It has long been the policy of the National Response Team (NRT) that the appropriate use of dispersants as a first strike method of response to marine oil spills could greatly minimize the impacts of such spills. Beginning in early 2000, the Region IX Regional Response Team (RRT) evaluated the appropriateness of dispersant use for the State of California. In January 2001, the RRT signed into effect a dispersant use policy for the federal waters off the coast of California from 3200 nm offshore. These revisions to the Regional Contingency Plan provided a streamlined decision making process for dispersant use and designation of zone. Specifically, the plan called for each of the six local area committees to develop and forward recommendations for dispersant-use zone designations into one of three categories: pre-approval, pre-approval with consultation, or incident-specific RRT approval required.

Each of the six local area committees utilized a modified Ecological Risk Assessment (ERA) known as a Net Environmental Benefit Analysis (NEBA) process to identify concerns and prioritize risk. Such an approach ensured consistency along the coast as well provided a mechanism by which all points of view were considered. Utilizing a “what if” oil scenario, each on-water response option (no-response, dispersants, in-situ burning, mechanical recovery) was evaluated for its ability to remove oil from the water surface and potential environmental impacts. A risk matrix allowed comparison between species and habitats. Participants were encouraged to share their concerns along with the key drivers for their response decisions, often allowing then to think outside their typical agency-centered framework. Based on seasonality and species of special concern, zones for dispersant use were designated as a means of providing protection to sensitive shorelines and on-water species.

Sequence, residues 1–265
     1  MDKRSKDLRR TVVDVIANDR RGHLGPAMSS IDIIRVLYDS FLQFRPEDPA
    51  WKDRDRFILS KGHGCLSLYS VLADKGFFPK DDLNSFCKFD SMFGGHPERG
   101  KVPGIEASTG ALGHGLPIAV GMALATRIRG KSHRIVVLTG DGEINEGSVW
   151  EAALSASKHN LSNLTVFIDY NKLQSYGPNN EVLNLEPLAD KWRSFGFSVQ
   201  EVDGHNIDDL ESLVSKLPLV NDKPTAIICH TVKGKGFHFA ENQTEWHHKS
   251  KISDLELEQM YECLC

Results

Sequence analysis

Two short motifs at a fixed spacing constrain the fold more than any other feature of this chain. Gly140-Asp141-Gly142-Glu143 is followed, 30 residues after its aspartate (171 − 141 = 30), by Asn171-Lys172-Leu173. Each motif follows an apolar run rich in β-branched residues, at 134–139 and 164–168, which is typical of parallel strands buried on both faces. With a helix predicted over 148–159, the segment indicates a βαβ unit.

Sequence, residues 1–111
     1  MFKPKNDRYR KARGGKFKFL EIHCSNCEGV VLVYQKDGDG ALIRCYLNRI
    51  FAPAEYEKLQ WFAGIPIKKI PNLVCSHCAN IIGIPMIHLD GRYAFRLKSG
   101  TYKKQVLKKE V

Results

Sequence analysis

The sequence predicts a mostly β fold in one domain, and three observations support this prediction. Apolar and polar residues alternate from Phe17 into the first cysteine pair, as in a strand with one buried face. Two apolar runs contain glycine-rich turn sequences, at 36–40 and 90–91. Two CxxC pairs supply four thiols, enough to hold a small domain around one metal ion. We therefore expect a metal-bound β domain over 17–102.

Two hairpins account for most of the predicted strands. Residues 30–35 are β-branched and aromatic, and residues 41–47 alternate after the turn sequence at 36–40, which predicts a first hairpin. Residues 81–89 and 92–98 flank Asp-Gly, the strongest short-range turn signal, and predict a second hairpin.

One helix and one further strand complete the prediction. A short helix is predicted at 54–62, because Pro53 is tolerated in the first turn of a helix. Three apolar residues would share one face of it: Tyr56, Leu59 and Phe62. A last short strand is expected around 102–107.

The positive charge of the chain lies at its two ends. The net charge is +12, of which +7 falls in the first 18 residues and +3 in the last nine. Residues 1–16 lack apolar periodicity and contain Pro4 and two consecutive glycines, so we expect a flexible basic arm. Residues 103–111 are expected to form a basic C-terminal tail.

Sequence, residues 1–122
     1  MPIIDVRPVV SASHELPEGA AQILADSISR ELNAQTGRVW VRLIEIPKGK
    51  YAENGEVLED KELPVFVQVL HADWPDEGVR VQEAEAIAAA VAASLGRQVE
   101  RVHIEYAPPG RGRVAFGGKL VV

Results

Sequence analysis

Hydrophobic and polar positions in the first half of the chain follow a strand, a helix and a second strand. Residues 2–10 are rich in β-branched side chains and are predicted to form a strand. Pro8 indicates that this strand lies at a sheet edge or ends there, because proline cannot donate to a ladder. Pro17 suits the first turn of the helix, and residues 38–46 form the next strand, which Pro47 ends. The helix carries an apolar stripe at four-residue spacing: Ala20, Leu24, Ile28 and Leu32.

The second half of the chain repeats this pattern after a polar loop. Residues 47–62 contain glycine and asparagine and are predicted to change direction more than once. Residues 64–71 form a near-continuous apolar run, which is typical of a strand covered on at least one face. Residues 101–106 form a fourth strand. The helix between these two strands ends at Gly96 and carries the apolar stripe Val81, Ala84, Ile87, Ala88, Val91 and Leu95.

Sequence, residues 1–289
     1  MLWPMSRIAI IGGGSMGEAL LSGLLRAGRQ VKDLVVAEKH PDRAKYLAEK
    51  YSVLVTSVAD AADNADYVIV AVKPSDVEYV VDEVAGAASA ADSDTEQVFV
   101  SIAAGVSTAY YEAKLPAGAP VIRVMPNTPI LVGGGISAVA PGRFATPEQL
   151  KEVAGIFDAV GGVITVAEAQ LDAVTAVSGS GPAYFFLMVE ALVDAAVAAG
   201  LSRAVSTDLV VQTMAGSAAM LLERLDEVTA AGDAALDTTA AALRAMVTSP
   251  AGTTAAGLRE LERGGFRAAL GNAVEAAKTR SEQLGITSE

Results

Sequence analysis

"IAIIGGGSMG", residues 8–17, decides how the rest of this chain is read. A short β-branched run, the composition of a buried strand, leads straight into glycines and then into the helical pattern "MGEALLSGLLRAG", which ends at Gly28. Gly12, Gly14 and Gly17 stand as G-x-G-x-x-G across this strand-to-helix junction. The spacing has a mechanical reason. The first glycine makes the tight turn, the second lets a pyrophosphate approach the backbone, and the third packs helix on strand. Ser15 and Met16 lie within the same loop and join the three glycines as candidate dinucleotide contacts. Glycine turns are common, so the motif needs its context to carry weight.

As of November 2002, the RRT has adopted DispersantUse Zones for all designated off-shore waters. Current efforts are underway to incorporate the necessary dispersant planning information into the State and Federal Planning efforts.

The response to the workshops was overwhelmingly positive. The NEBA/workshop approach facilitated the subsequent work undertaken by the U.S. Coast Guard and the RRT as an integral part of the implementation of the US-Mexico Agreement, further ensuring a coordinated bi-national oil spill response.

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